Up in smoke

Over the weekend, someone dumped about 10 marijuana plants in the parking lot of Missoula's drug task force office. Police Chief Mark Muir says the plants were stripped clean of any useable marijuana—"just some useless stems in pots."

Missoula has 680 cannabis caregivers—and Muir says none of them turned over a single bud to law enforcement before July 1, when some parts of a new, more restrictive medical marijuana law took effect, wiping out caregivers' legal protection. "Apparently it all went up in smoke," Muir quips.

Not likely, although caregivers and their patients are understandably perplexed by the current state of affairs. Last Thursday, a day before Senate Bill 423 was to take effect, Helena District Judge James Reynolds issued a preliminary injunction blocking portions of the new law, including the ban on profits and the three-patient limit. The decision appeared to defend patients' rights to access their medicine, except for this: Caregivers technically can't supply their patients with medicine until they re-register with the state as "providers," a process that will likely take weeks.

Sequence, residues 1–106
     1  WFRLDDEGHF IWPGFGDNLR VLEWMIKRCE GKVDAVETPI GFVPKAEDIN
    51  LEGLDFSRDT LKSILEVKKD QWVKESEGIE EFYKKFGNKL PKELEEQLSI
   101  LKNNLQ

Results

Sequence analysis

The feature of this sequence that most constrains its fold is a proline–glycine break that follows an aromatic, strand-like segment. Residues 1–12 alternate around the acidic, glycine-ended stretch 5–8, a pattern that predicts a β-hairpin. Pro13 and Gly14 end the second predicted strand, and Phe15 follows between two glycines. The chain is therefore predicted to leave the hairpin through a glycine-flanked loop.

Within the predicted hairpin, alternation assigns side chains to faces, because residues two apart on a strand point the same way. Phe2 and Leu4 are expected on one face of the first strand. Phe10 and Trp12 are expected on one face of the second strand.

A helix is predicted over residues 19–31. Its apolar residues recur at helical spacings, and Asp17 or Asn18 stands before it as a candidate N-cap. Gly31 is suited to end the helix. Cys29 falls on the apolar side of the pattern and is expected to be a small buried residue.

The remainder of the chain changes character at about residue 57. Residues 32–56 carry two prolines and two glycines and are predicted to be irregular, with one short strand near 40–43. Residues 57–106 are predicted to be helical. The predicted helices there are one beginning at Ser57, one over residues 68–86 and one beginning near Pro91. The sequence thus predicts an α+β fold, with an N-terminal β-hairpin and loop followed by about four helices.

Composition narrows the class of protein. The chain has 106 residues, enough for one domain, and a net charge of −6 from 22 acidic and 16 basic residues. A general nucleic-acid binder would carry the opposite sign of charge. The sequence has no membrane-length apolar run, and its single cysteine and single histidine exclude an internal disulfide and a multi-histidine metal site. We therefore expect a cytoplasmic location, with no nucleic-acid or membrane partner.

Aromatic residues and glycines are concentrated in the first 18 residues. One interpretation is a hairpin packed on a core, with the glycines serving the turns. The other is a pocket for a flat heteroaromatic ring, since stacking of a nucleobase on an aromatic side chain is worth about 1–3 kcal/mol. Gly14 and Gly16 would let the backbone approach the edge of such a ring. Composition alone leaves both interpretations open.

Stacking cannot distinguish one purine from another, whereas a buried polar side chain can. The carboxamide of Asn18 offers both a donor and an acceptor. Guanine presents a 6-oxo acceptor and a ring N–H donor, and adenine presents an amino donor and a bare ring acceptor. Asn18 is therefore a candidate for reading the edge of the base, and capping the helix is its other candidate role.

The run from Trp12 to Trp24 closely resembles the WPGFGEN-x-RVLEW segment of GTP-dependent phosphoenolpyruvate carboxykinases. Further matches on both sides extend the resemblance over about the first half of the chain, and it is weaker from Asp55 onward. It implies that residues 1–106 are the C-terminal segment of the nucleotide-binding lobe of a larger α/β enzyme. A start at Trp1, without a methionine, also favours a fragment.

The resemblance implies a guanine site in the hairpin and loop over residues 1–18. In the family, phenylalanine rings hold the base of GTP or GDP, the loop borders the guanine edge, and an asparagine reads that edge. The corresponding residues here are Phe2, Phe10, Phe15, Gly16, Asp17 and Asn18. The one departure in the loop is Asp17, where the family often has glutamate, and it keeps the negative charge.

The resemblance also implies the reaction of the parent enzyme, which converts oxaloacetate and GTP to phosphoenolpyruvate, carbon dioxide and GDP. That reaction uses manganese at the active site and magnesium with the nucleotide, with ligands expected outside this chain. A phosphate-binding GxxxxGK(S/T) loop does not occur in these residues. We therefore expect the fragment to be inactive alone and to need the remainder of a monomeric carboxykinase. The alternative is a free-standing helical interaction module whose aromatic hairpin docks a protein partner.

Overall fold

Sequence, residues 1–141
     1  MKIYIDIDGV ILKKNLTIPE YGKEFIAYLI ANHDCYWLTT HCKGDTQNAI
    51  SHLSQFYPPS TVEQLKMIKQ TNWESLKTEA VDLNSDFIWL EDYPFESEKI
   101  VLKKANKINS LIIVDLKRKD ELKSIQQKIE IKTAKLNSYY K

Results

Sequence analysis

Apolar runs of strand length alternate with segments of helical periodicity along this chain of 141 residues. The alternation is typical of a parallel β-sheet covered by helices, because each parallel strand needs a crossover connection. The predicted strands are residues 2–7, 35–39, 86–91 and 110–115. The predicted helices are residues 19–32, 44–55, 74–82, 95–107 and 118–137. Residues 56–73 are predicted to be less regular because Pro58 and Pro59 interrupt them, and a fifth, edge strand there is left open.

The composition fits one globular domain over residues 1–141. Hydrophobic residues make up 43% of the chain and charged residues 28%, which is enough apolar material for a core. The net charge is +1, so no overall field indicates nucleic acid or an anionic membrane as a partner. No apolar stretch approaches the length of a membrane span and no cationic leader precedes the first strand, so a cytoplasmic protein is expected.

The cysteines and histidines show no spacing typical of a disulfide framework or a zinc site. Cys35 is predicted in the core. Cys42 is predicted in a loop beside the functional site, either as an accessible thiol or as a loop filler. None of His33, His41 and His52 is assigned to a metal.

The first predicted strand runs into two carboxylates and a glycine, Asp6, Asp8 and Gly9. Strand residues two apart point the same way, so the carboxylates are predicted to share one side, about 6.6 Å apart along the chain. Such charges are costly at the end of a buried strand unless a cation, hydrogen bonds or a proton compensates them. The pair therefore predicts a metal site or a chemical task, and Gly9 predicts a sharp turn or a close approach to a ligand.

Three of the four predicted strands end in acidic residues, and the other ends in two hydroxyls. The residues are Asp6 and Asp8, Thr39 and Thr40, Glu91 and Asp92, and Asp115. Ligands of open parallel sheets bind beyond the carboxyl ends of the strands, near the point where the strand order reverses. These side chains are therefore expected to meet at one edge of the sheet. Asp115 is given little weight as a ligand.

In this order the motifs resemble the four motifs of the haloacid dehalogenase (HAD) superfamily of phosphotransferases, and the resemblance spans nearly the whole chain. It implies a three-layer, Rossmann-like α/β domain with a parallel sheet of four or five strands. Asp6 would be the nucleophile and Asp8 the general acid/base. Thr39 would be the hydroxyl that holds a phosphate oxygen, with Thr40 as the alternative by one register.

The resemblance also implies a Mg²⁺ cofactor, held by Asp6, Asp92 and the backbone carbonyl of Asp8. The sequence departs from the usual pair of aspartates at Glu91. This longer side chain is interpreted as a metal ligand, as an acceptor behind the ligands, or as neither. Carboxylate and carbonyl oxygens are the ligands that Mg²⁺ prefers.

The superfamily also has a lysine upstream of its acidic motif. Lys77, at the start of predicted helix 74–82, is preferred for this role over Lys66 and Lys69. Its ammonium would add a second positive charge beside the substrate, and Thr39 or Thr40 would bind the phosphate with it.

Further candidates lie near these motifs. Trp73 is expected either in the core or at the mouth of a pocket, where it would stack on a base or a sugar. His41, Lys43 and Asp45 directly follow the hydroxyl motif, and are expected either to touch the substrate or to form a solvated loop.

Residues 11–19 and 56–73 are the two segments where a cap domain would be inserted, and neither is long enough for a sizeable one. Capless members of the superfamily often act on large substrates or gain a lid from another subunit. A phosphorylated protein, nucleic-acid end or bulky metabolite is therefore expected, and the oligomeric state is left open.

In the meantime, Muir says, "it would appear to me that there are not any legal caregiver or dispensary operations, and if we do reach that conclusion, and we find that caregivers who are no longer caregivers under the law are still providing marijuana to folks, then we of course will have to take some sort of action against that."

John Masterson of Montana NORML finds himself trying to guide caregivers through this legal limbo. "The concern," he says, "is that we have honest business people out there with hundreds of plants in indoor gardens, and they are, technically speaking, not currently protected by Montana state law, and so it's imperative that these gardeners go through the wheels of bureaucracy and get registered under the new program."

Among the new law's other changes, Muir stresses its restrictions on public marijuana use, saying that "patients need to understand that they need to take their medicine in a much more discrete manner...they can't just openly smoke out in public."

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